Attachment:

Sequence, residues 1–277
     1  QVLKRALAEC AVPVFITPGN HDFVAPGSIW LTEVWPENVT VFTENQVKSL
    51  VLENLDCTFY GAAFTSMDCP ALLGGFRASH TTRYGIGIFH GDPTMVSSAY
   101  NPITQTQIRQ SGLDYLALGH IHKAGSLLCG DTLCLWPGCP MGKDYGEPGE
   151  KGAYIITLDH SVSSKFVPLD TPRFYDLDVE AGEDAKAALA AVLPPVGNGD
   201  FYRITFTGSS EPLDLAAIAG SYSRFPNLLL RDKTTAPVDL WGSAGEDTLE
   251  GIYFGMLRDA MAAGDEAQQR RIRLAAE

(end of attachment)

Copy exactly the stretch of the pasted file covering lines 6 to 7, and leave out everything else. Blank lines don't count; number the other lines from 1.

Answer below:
   201  FYRITFTGSS EPLDLAAIAG SYSRFPNLLL RDKTTAPVDL WGSAGEDTLE
   251  GIYFGMLRDA MAAGDEAQQR RIRLAAE